That’s a perfect way to jump back into the history of offensive football and the Buccaneers. Harper was the receiver the Bucs signed in the mid-1990s to be their Irvin. Instead, the thing most Tampa Bay fans remember about him is that he got part of his finger sliced off in a training-room accident.
For their entire existence, including the good years, the Bucs have been anywhere from dismal to mediocre on offense. They won a Super Bowl with Brad Johnson as their quarterback and Monte Kiffin commanding a defense for the ages. They won a lot of games and tasted their first sustained success under coach Tony Dungy ... with Kiffin commanding a defense for the ages.
At one point in the 1990s, Tampa Bay’s bread-and-butter offensive play was having Errict Rhett run into Mike Alstott’s back and fall as far forward as possible. They later upgraded and had Warrick Dunn run into Alstott’s back and actually make a cut or two.
Even back during the first rise to prominence (1979), Tampa Bay was much more defined by Lee Roy Selmon and the defense than it was by the offense and Doug Williams.
Speaking of Williams, he was the best quarterback in franchise history -- until Freeman’s emergence. Between them, the Bucs have trotted out the likes of Steve Young (before he became Steve Young in San Francisco), Vinny Testaverde, Craig Erickson, Trent Dilfer, Shaun King, Brian Griese and Jeff Garcia.
Freeman’s not going to follow a similar route. He’s under contract through 2013, but, after what he’s shown this season, I think it’s safe to say Freeman’s going to be around a lot longer than that. Sometime in the offseason, the Bucs almost certainly will give Freeman a big contract extension.
Freeman has bounced back from the disastrous final season of the Raheem Morris era. He’s turned out to be everything Schiano and offensive coordinator Mike Sullivan said he would be upon their arrival. Schiano and Sullivan said they wanted to build an offense that ran the ball consistently and they wanted to take some shots downfield in the passing game.
That formula’s working. According to ESPN Stats & Information, Freeman leads the league with 19 completions on throws of 20 yards or more. Jackson leads the NFL with 10 receptions on throws of 20 yards or more.
Williams has revived a career that seemed to stall last year. The Bucs plucked receiver Tiquan Underwood off the scrap heap and he’s turning in big plays. Martin is making things happen in the running game and as a receiver and the offense is clicking, despite the fact the Bucs are without injured Pro Bowl guards Carl Nicks and Davin Joseph.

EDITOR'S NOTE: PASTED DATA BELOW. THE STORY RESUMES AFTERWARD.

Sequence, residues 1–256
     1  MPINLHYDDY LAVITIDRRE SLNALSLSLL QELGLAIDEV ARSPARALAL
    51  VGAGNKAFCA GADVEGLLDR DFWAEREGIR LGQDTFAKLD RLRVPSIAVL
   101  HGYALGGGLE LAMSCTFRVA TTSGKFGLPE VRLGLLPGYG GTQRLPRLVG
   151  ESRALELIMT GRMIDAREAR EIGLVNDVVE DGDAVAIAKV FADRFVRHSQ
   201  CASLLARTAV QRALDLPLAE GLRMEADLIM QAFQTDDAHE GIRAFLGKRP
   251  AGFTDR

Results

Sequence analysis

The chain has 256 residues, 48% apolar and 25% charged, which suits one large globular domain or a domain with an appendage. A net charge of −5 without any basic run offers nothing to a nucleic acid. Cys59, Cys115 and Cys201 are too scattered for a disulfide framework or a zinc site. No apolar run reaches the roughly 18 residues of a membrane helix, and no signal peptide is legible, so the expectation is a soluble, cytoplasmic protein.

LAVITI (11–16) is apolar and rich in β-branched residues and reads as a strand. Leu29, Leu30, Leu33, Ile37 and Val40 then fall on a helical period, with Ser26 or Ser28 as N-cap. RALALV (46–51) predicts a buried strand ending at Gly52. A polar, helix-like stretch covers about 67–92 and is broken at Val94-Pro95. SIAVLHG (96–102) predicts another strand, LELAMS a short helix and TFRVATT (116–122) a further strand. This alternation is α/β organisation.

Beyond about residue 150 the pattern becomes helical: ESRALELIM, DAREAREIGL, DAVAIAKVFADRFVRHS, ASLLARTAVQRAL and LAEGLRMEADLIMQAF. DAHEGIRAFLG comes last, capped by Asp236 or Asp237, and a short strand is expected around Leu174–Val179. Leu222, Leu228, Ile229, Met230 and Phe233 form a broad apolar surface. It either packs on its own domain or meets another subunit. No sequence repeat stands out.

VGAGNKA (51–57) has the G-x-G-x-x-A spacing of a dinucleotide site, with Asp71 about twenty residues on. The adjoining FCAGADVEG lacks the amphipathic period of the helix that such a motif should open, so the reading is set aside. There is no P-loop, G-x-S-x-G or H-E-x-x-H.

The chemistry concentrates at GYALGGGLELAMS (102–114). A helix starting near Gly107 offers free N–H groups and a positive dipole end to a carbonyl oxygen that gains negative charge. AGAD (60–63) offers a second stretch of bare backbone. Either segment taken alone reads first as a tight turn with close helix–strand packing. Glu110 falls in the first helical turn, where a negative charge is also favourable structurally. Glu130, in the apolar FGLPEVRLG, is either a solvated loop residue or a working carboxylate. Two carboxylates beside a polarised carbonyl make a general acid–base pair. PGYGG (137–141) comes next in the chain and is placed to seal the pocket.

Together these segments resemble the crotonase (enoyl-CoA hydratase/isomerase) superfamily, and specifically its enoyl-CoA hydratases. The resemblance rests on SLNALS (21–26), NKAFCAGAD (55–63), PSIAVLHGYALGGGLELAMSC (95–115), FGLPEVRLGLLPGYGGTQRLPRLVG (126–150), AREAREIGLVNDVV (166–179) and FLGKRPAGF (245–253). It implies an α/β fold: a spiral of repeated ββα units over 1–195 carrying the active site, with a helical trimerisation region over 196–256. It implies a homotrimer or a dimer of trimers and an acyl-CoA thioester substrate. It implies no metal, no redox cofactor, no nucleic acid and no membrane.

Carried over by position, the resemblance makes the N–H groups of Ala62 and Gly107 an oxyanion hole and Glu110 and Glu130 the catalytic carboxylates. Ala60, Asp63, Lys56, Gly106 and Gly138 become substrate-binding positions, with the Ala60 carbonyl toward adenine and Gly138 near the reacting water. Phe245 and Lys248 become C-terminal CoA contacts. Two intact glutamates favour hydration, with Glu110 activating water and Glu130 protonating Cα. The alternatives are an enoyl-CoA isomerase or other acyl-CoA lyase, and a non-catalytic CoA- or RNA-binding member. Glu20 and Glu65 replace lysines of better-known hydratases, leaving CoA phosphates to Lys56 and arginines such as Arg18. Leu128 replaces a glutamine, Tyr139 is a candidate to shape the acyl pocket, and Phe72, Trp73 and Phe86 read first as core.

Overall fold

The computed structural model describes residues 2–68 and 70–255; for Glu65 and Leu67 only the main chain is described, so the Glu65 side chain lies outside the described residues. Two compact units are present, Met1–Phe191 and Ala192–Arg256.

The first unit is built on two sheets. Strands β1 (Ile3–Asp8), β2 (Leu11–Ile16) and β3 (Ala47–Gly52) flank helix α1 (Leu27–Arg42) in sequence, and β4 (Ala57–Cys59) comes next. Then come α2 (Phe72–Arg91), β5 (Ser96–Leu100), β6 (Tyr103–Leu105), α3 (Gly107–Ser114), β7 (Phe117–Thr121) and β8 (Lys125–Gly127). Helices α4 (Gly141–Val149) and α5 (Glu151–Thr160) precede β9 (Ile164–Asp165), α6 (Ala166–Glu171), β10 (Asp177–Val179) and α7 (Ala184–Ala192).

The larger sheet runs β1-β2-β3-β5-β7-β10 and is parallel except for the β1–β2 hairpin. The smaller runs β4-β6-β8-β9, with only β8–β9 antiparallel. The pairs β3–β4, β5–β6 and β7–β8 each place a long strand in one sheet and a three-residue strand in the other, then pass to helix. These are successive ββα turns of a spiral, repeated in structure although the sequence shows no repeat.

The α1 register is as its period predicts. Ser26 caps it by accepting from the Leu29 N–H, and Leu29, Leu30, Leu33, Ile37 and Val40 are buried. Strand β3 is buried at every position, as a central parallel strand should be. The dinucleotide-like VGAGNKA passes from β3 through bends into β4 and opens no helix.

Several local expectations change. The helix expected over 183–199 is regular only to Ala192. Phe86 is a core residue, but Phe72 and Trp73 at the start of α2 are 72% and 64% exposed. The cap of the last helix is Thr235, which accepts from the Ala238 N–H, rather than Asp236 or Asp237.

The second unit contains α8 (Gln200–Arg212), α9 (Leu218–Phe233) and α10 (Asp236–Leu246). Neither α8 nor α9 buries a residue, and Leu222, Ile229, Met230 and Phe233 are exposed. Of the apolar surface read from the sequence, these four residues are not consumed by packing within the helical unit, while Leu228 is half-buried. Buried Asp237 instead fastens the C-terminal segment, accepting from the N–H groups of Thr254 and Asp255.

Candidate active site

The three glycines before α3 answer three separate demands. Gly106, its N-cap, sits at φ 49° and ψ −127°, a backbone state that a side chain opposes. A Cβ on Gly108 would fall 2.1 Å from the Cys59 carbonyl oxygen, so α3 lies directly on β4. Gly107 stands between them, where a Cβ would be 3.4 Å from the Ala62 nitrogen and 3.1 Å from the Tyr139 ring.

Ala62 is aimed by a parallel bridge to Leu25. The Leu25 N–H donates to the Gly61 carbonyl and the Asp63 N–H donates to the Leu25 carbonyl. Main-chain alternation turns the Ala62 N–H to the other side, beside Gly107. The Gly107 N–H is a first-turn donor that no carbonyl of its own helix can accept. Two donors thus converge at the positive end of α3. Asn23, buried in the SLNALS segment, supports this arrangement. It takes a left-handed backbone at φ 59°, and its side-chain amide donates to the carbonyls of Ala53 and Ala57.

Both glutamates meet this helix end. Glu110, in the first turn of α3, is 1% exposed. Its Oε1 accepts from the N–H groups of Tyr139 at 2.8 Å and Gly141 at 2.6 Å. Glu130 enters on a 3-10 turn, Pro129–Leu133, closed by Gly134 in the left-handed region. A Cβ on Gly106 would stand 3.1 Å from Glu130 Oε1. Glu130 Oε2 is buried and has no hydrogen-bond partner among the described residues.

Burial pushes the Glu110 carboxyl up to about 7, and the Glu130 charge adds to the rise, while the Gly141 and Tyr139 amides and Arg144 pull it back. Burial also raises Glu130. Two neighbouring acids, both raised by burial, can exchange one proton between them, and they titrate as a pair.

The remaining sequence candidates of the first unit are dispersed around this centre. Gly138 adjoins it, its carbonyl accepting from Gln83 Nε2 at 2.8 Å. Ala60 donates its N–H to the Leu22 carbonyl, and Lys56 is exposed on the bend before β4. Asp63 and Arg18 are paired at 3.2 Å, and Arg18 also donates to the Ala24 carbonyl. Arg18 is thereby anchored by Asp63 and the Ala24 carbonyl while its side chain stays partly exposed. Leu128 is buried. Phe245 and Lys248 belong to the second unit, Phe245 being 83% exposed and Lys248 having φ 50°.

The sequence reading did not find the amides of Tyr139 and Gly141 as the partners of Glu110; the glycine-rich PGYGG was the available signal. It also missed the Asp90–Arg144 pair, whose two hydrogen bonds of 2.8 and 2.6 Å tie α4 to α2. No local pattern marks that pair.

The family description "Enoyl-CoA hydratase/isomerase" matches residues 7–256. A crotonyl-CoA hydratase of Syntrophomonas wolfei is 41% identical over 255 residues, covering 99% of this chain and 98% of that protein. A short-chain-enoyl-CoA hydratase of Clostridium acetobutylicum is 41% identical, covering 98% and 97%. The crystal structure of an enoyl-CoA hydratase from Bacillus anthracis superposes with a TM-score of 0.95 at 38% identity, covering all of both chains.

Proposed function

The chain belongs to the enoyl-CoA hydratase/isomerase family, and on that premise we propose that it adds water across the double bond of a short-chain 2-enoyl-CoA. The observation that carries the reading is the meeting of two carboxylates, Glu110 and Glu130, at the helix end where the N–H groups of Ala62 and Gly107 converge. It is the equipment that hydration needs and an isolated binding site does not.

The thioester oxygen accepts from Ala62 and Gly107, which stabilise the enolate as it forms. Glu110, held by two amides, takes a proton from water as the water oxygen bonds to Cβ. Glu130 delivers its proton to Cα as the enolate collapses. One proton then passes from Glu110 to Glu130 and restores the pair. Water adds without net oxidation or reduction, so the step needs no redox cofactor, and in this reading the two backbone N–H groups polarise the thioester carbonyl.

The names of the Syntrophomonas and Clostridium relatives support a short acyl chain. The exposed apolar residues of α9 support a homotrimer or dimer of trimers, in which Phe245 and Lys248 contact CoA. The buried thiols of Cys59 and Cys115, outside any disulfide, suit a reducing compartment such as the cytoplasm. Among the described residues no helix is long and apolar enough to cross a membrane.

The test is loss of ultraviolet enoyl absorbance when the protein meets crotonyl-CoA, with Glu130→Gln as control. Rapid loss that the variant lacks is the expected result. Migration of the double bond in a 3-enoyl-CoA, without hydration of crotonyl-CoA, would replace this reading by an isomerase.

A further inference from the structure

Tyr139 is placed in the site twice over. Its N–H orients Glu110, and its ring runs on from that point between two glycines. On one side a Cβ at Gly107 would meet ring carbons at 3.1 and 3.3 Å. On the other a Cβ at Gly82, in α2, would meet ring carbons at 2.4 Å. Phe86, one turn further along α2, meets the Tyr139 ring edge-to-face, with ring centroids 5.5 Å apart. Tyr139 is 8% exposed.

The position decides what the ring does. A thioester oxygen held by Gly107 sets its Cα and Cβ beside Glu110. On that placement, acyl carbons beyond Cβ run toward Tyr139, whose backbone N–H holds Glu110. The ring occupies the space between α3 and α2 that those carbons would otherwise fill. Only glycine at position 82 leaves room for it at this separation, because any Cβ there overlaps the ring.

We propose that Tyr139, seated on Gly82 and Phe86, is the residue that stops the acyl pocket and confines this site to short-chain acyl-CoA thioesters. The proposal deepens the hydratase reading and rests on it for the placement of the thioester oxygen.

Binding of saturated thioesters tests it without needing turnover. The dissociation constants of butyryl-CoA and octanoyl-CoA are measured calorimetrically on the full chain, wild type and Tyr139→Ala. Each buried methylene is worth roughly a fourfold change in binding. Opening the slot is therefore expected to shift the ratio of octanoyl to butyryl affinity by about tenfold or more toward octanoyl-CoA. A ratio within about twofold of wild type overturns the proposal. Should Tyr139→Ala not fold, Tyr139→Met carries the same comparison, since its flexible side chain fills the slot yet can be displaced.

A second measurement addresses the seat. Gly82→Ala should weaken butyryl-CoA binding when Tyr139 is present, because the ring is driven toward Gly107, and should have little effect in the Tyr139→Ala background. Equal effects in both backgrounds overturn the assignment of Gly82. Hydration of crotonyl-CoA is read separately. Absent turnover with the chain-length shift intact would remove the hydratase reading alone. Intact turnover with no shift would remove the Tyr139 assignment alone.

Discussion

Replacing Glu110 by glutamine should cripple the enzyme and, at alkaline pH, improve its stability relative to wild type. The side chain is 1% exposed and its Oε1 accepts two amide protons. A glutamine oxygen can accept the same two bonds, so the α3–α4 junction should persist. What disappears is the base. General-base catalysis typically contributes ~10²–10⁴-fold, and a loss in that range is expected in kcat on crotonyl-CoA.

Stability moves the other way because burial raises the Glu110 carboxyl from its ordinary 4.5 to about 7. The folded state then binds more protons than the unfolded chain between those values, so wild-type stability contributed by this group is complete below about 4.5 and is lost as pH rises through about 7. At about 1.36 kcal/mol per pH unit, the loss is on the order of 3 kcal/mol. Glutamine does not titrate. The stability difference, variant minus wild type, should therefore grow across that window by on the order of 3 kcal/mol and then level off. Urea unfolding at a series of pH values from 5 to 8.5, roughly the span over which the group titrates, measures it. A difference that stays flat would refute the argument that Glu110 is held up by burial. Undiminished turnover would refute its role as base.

For the longest time, there was a joke in Tampa Bay that the most exciting offense the region ever saw was the “Fun and Gun’’ orchestrated by Steve Spurrier and the USFL’s Tampa Bay Bandits, who, briefly, were more popular than the Bucs in the 1980s.
Those Bandits were wildly entertaining, but part of the reason they’re so fondly remembered is because the Bucs always were boring -- and usually bad -- on offense.
They’ve got a bunch of marquee players (Matt Ryan, Roddy White, Julio Jones, Tony Gonzalez, Michael Turner, John Abraham and Asante Samuel), but the buzz isn’t about them. Instead, most of the talk is about two new assistant coaches -- offensive coordinator Dirk Koetter and defensive coordinator Mike Nolan. That’s understandable, because a lot of people thought the Falcons needed some major changes after they got thumped by the New York Giants in the first round of last season’s playoffs.
With offensive coordinator Mike Mularkey (now head coach in Jacksonville) and defensive coordinator Brian VanGorder (now defensive coordinator at Auburn) leaving, Koetter and Nolan are big storylines. They might not have star power all by themselves, but watch and listen a little more and you’ll see the two new coaches have plenty of star power behind them.
“Mike Nolan and Dirk Koetter have done a fine job of bringing their respective systems to the table and working with (coach) Mike Smith and the rest of the staff and developing a system that is melding well with all of our coaching opinions,’’ general manager Thomas Dimitroff said. “It’s a collaborative effort. It’s not just one stamp from one coordinator or the other. It’s been really interesting seeing everyone come together on the respective sides of the football to develop this new system.’’
In conversations with Smith and Dimitroff, each repeatedly emphasized that key players (the guys listed above and a few others) have had extensive input into what the Falcons will do on each side of the ball. As soon as league rules allowed coaches and players to get together in the offseason, Ryan and Koetter began meeting regularly and discussing what the playbook should look like.
“There are a lot of things we’ve done well over the last few years, and the first thing Dirk asked me was what I liked and what I felt most comfortable with,’’ Ryan said. “Then, we took the things I said and looked at our production in those situations and some of it was surprising because we didn’t have as much success as I would have thought in some of the things I said I was most comfortable with, and we had some pretty good success with some of the things I didn’t necessarily think I liked.
"We also watched a lot of film of Jacksonville (where Koetter was offensive coordinator last year), and we talked a lot about why they did certain things at certain times. There was a lot of very good give-and-take. He’s extremely open to input, which is great for players, and I know he sat down and did the same thing with some other guys. But he also has his own opinions and is firm on his own opinions, and I like that about him.’’